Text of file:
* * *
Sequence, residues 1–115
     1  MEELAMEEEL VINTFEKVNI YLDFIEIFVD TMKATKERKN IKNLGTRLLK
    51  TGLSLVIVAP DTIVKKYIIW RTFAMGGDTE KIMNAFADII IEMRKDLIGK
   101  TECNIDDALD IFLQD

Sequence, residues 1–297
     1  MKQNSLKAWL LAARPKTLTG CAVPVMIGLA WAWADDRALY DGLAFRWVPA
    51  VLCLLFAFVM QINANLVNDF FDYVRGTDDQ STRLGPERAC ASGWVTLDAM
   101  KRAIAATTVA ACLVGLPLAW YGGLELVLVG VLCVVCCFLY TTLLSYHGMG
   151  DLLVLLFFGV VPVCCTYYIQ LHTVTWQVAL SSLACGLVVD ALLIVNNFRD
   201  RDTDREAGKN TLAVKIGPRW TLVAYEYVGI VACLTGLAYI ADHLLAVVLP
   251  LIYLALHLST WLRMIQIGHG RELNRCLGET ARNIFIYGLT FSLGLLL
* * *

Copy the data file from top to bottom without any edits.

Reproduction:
Sequence, residues 1–115
     1  MEELAMEEEL VINTFEKVNI YLDFIEIFVD TMKATKERKN IKNLGTRLLK
    51  TGLSLVIVAP DTIVKKYIIW RTFAMGGDTE KIMNAFADII IEMRKDLIGK
   101  TECNIDDALD IFLQD

Sequence, residues 1–297
     1  MKQNSLKAWL LAARPKTLTG CAVPVMIGLA WAWADDRALY DGLAFRWVPA
    51  VLCLLFAFVM QINANLVNDF FDYVRGTDDQ STRLGPERAC ASGWVTLDAM
   101  KRAIAATTVA ACLVGLPLAW YGGLELVLVG VLCVVCCFLY TTLLSYHGMG
   151  DLLVLLFFGV VPVCCTYYIQ LHTVTWQVAL SSLACGLVVD ALLIVNNFRD
   201  RDTDREAGKN TLAVKIGPRW TLVAYEYVGI VACLTGLAYI ADHLLAVVLP
   251  LIYLALHLST WLRMIQIGHG RELNRCLGET ARNIFIYGLT FSLGLLL